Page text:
Well, here we are at what may be the best “spring” weekend of the winter. Is it a moment to catch up? Get ahead? Relax and enjoy it?
How about all of them?
This weekend’s weather is a lovely gift to gardeners and should inspire activity in home gardens and landscapes. At minimum, it is a chance to take care of the last of the leaves on the ground, walks and roof. Going further, it means planting the flower bulbs bought at discounts in December.
These tasks, which might have seemed a pain in the cloudy gloom a week ago, now seem almost inviting and fun to do. Catching up also means getting after the awful winter weeds, such as chickweed, that prosper even in cold weather. It is essential to get these weeds out before they bloom and then spread seeds over the landscape to germinate next winter.
But getting ahead is even more rewarding. It will make you feel spring is close and that you are ready.
Perhaps the most important task to do now is prepare your vegetable garden for planting early spring crops in late winter. February may be nice, but it can be an obstacle – cold, snowy or wet – to getting this work done on time.
Too many gardeners who do admirable work in their warm-weather vegetable beds miss the first season because the bed isn’t ready in late February or early March. That means they miss prime planting time for such easy crops as leaf lettuce, spinach, green peas, broccoli and cauliflower, which grow best in cool weather.
Cold as it seemed at the time, recent rainfall softened up Piedmont soil and made it much easier to dig than it was a few weeks ago. But a good garden bed requires more than digging. Our clay soil should be made looser and lighter with the addition of compost. If you don’t make your own with autumn’s annual shedding, you can buy it packaged.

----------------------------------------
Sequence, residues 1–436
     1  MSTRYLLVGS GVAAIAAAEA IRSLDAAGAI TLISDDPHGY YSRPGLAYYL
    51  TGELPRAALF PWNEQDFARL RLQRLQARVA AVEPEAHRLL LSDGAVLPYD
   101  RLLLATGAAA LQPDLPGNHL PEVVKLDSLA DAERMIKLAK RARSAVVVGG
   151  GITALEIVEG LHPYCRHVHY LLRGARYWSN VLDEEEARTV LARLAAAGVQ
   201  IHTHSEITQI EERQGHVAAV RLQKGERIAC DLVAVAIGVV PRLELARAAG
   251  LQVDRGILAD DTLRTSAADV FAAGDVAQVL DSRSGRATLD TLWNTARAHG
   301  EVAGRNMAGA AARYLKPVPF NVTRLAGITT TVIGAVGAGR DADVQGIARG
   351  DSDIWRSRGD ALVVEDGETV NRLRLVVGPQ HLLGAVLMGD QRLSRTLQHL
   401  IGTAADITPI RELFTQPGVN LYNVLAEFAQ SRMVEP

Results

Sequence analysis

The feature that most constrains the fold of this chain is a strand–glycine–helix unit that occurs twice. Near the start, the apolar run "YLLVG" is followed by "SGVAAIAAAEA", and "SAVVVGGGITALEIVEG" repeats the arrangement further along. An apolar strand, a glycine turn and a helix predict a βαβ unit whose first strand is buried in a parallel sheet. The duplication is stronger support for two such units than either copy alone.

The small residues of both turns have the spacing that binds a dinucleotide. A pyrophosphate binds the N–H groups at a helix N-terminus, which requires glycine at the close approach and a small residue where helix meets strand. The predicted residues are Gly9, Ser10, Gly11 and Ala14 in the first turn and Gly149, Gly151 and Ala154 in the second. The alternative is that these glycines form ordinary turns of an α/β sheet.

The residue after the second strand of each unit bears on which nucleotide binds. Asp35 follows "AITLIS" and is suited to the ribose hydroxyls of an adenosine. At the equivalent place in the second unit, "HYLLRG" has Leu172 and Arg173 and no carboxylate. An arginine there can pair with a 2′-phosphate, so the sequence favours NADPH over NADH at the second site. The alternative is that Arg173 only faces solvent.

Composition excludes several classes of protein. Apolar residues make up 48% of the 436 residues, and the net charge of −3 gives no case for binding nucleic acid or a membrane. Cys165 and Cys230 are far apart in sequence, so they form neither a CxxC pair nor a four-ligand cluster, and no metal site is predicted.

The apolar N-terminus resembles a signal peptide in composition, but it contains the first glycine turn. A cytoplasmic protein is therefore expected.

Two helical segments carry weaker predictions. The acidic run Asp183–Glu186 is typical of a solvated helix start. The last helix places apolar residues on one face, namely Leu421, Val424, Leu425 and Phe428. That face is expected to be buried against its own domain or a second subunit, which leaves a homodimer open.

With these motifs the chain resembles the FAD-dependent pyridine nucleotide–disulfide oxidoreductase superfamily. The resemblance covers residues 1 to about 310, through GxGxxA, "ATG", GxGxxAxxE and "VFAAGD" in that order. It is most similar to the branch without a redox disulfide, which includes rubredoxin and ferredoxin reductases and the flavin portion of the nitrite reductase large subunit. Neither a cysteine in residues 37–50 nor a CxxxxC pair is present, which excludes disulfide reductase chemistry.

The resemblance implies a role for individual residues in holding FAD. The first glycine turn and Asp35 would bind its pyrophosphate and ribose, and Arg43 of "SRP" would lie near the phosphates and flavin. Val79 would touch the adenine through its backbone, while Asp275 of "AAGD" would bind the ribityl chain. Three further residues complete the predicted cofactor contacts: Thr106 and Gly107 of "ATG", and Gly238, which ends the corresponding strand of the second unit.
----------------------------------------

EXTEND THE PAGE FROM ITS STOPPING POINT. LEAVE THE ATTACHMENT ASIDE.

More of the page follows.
Worked into the clay soil with a fork or tiller, it is transformative, creating a nourishing environment that allows roots to grow deeply while keeping the ground from drying out too fast or remaining soggy. If you have to buy it, this is an investment worth making. And if you decide to keep your garden small, you can concentrate on getting the soil into excellent condition.
For starters, I usually recommend a small, raised bed that is about 10 by 15 feet. This is enough space for a variety of crops in spring and summer and small enough to encourage close attention to weeding, watering and replacing crops as they play out. These dimensions will also allow you to tend most of the space without stepping very often onto that loose, well-prepared soil. If you want more space, add a second bed next year.
Flower beds also deserve a look. Trim off spent, frostbitten foliage of perennials such as mums, Shasta daisies and asters.
The forecast is for quite cold weather later this month, so let’s be ready to hunker down indoors when that happens.
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